It has been held in -- 'N. W. F. Province v. Suraj Narain', AIR 1949 PC 112 (B), which was an appeal from the judgment ot the Federal Court in --'Suraj Narain v. N. W. F. Province', AIR 1942 FC 3 (C), that the right of dismissal was a condition of service within the meaning of Section 243 and thus the judgment of the Federal Court was reversed. On the construction of Section 243, Government of India Act, the Federal Court had held that conditions of service did not include provisions as to dismissal and this view the Privy Council held to., be erroneous. I am therefore of the opinion that neither the provisions of Section 240(3), Govern-ment of India Act, nor the rule laid down in, AIR 1948 PC 121 (A), applied to members of the sub-ordinate Police service. This view finds support from a judgment of the Allahabad High Court in -- 'Guljar Ahmad Jafri v. Government of United Provinces', AIR 1950 All 212 (D), where it was held that the protection under Section 240(3), Government of India Act, 1935, is not available to Police officers of a subordinate rank who are governed by Section 243 of the said Act. At page 216 Malik C. J. said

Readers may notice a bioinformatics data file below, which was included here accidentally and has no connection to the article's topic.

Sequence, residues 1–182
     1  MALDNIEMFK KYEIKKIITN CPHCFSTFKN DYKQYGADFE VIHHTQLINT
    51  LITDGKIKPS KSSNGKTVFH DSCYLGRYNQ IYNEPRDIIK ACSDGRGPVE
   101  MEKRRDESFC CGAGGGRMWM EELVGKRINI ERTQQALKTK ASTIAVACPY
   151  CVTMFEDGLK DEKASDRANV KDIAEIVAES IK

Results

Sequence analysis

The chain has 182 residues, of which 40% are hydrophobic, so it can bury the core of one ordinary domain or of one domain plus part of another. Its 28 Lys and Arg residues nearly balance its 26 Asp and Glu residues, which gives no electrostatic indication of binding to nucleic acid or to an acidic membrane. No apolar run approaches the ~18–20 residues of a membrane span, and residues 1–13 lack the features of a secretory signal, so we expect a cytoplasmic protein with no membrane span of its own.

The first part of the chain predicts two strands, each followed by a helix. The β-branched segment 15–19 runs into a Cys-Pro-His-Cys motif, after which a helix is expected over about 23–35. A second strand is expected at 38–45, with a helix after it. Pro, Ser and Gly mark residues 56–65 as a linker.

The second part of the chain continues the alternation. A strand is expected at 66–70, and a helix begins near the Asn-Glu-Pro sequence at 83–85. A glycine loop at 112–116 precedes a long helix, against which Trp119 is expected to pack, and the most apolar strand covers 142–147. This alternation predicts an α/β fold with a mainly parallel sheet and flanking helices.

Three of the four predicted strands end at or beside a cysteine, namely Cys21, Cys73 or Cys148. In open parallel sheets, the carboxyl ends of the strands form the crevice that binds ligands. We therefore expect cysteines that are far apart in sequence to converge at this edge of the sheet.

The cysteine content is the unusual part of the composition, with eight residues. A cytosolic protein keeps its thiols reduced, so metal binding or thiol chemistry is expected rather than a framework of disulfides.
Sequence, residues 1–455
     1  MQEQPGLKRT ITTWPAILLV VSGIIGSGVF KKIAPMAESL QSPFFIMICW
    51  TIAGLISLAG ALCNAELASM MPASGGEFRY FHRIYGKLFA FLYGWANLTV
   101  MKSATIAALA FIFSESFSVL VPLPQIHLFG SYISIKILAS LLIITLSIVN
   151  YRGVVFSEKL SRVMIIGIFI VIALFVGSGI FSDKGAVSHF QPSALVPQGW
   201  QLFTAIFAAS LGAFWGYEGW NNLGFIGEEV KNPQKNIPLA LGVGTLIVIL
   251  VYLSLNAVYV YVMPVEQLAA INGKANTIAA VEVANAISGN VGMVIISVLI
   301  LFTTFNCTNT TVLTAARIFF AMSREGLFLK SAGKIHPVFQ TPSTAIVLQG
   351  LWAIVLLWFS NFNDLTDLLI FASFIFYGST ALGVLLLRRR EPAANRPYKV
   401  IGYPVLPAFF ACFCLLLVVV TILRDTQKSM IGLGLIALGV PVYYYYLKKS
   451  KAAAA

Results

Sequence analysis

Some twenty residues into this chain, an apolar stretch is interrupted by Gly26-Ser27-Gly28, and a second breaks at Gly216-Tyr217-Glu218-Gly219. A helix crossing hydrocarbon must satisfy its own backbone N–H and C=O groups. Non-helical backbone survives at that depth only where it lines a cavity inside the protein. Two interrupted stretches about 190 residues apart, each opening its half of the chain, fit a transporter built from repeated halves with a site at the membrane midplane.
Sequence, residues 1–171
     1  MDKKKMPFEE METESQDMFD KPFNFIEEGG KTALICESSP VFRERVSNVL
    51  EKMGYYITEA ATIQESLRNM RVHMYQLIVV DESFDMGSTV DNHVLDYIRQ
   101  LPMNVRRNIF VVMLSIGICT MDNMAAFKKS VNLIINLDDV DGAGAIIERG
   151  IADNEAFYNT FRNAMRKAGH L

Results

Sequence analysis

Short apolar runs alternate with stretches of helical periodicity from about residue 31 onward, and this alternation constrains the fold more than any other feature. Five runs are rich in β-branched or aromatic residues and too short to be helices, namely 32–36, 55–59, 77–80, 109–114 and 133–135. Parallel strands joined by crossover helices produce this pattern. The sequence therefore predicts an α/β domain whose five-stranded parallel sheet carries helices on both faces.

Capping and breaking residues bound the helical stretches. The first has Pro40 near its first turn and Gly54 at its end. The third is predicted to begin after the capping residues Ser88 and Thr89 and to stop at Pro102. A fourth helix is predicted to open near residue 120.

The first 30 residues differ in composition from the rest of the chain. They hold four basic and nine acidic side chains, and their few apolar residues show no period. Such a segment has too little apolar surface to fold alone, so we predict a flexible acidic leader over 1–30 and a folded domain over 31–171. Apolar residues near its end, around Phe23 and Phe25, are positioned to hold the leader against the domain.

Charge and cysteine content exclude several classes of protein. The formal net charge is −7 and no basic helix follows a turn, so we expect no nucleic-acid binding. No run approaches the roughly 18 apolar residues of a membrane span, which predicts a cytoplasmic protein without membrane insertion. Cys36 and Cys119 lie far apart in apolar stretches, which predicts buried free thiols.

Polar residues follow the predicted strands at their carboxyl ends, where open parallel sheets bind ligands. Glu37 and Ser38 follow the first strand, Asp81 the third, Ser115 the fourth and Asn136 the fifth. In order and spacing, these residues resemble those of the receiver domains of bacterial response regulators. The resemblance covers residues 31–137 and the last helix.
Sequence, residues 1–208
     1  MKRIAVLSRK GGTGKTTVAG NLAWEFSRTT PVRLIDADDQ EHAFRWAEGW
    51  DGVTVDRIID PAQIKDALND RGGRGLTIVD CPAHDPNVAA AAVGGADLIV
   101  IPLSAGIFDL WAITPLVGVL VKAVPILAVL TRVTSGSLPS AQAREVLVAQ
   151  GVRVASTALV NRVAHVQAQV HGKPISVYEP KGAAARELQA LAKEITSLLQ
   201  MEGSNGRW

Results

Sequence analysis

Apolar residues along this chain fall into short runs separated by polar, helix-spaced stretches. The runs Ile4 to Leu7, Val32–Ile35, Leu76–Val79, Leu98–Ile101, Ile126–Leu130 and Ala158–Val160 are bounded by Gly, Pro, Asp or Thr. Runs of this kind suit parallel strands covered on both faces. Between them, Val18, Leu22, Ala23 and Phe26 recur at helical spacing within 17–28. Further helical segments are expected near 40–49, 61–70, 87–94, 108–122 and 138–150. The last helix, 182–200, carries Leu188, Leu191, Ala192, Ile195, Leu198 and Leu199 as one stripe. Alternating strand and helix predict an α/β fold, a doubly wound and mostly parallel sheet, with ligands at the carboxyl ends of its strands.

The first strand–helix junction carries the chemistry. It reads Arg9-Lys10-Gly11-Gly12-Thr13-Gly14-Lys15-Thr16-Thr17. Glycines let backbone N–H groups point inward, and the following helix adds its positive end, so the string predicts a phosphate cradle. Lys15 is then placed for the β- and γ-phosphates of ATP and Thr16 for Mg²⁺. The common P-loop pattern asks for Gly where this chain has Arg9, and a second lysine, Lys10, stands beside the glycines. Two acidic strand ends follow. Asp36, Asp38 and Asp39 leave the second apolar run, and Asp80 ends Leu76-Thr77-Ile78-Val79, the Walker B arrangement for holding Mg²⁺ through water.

'This result would follow only if the words 'no such person as aforesaid' in Section 240(2) are interpreted to mean a person who holds office during His Majesty's pleasure. The others who come under Section 243 must be deemed to be governed ' by their contract or by their rules of service.'
The same was held in -- 'Mewa Ram Charan v. United Provinces', AIR 1954 All 487 (E), and in-- 'Jagannath Prasad v. State of U. P.', AIR 1954 All 629 (F), and in the former case it was held that the safeguard under Section 240(3), Government of India Act, in regard to termination of service has not been made available to subordinate members of the Police Force and their conditions of service are to be governed by the Police Act and by- the regulations framed under the Act.